The dichotomy of acceptable and undesirable masculinity seems to be represented in both iterations of one of the Avengers: the Hulk. At first blush, the “rage-monster” Hulk looks like the picture of dangerously unbridled masculinity. The Hulk is a physical danger to everyone around him because he’s supposedly an uncontrollable destructive force. The other side of his personality is the unassuming, mumbling, shy scientist Bruce Banner—who, aside from his meekness is still a desirable American archetype because of his innovation and expertise in what we still know is a largely male, white job field. But if you think of the Hulk and Banner on polar ends of the scale of masculinity—a bullet-spitting monster versus a sometimes suicidal and ineffectual brainiac—that spectrum seems to be um, smashed, at the end of the film when we find out that Banner can control his transformations more than we thought. Banner says he’s secretly “always angry,” so his weaker self is bolstered by his hybridity—he always has smash-happy Hulk standing by.

The most direct comparison of Loki’s masculinity with his Avengers foes has to be made with his brother, Thor—the Viking-inspired demigod who wields a big hammer—and hilarious. Thor has long hair like Loki, but it’s the Fabio-like blonde locks that grace many a (similarly muscled) romance novel at your local CVS. But the similarities stop there. Thor couldn’t be more different as a man.

Thor and Loki were raised on another planet, and Loki was always jealous of Thor’s strength. Because he could never rival Thor as a warrior, Loki developed the skill of manipulation. On Earth, his scepter has the power to essentially reprogram people's brains into mental slavery. Through Loki, we see the dominance that masculinity supposedly craves diverted from physical power to dominance over men’s free will and very consciousness. And that’s a dangerous refraction of masculine angst. In the form of this villain, we learn to fear physically weak men much more than we fear strong ones—at least with the latter, what you see is what you get.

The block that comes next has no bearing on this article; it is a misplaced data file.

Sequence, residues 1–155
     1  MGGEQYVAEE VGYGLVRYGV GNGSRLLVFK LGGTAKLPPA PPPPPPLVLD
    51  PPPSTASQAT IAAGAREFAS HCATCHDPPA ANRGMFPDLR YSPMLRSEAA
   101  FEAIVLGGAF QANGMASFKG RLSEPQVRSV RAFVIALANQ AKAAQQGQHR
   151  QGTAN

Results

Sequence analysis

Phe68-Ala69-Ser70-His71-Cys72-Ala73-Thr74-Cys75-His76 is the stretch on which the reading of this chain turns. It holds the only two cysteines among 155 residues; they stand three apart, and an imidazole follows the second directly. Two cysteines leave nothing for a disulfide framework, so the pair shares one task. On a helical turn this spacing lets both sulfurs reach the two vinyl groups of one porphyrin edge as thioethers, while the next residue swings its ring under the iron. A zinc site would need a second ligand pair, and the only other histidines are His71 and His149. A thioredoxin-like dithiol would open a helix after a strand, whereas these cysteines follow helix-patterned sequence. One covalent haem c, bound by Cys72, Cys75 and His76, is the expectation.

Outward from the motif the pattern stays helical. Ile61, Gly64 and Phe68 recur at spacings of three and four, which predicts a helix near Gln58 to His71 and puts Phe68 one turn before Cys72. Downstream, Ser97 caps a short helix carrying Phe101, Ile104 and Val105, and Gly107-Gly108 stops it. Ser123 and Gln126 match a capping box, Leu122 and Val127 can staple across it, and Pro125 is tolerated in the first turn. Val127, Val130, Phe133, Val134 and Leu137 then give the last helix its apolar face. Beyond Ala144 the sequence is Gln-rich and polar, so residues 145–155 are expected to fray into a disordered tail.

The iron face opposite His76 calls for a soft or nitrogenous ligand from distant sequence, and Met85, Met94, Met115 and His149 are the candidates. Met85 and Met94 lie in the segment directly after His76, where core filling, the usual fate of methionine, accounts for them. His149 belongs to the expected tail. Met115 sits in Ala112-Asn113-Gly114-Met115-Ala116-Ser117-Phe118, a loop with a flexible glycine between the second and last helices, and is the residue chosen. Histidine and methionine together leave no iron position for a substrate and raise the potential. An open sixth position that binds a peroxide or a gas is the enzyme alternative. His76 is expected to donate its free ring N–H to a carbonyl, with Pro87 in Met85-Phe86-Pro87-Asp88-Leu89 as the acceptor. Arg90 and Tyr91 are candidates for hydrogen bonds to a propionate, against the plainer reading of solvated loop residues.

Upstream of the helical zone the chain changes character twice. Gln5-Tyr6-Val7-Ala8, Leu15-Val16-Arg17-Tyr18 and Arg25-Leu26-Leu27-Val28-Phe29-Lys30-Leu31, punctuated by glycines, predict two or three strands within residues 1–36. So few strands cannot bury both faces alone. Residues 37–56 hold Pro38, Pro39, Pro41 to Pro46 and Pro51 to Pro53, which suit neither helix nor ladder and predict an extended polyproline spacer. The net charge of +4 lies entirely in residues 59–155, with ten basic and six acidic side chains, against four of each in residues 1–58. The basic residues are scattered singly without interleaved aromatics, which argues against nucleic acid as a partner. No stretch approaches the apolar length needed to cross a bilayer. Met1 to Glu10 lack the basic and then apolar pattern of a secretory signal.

The difference between and hierarchy of mental and physical power is clearest when the uncontrollable masculine force of the Hulk illustrates Loki's puniness. One of the most-loved parts of the film—at least the one that got the biggest laughs in the two screenings I’ve been to—is after one of Loki’s many harangues about how he’s the cleverest guy ever and how base and beastly the Avengers and humans are. The Hulk responds by grabbing Loki and beating him into the floor several times like a rag doll, after which Hulk utters his only line of dialog: puny god. This declaration comes after Loki’s emasculation is made phallic in jokes about Loki’s “performance issues” with his scepter.

If the Hulk is masculinity’s sheer force harnessed for good, that masculinity violently puts the puny Loki in his place. Of course, it’s not just that Loki is feminized. He’s also queered. He’s the only Avenger who hasn’t been explicitly or implicitly depicted as having a heterosexual relationship—in this film or in one of the other Marvel movies that led to this mash-up. But he also has an accent that is often associated with effete European men, and his dressed-down wardrobe is much more stylish and metrosexual than anything the other Avengers wear, Tony Stark’s tight shirts notwithstanding. But this subtext is made more explicit when Stark wakes up from a death-defying fall worried about whether one of his fellow male Avengers gave him CPR. Or in his words, “Please tell me no one kissed me.” So even fast-talking, beardscaped Stark draws a clear line to distinguish himself from queerness. Loki doesn’t specify any such aversion and is obsessed with his scepter and submission. And that’s on top of his racial otherness—in Thor, Loki is revealed to be an orphaned Frost Giant. So even though he seems like a regular old Aryan demigod, underneath he’s ugly, blue, and up to no good. 

Joss Whedon put together another smart, enjoyable film in The Avengers. He’s no feminist novice, which is why it's surprising that the men in this film reinscribe some troubling messages about masculinity and sexuality. The mostly male team and their villain reinforce the notions that the feminine, the queer, and the other are to be feared and quashed and that these traits need to be set up in diametric opposition to the idealized male hero.

Bechdel Test: Fail, I think? I can’t remember.
Overall Grade: B+
Feminist Grade: D

Tuesday, August 7, 2012

Before Title IX Babies, There Were Title IX Moms

My mom playing at the oldest golf course in the world, Scotland's St. Andrews
In case you missed my AAUW Dialog post about how my mom was a Title IX trailblazer for women's golf, check it out. You'll be treated to several amazing 1970s photos.

Tuesday, May 22, 2012

Black Feminist Filmmaking 20 Years after "Daughters of the Dust"

Over at AAUW Dialog, I revisited one of the most important films in black feminist cinema, Julie Dash's Daughters of the Dust, on its 20th anniversary to talk about the movie's revolutionary structure and how far we've come since.

Thursday, May 17, 2012

Why Transgender Rights Are Women's Rights

It's not related to film, but in case you missed it, check out my accidental polemic about trans rights on the AAUW blog.

Friday, April 27, 2012

A Spoiler-Laden Feminist Review of “Cabin in the Woods”

If you’ve read anything about Cabin in the Woods, you probably know very little about the film except that it’s supposed to be a genre-bending horror flick, its release has been delayed for two years, it was written by Joss Whedon, it got crazy buzz at SXSW, and it stars a now-famous actor who looks much, much too old to be sporting a letterman jacket. Any further details have been mostly deemed spoilers, though Entertainment Weekly’s Lisa Schwarzbaum managed to write a smart review without divulging too much.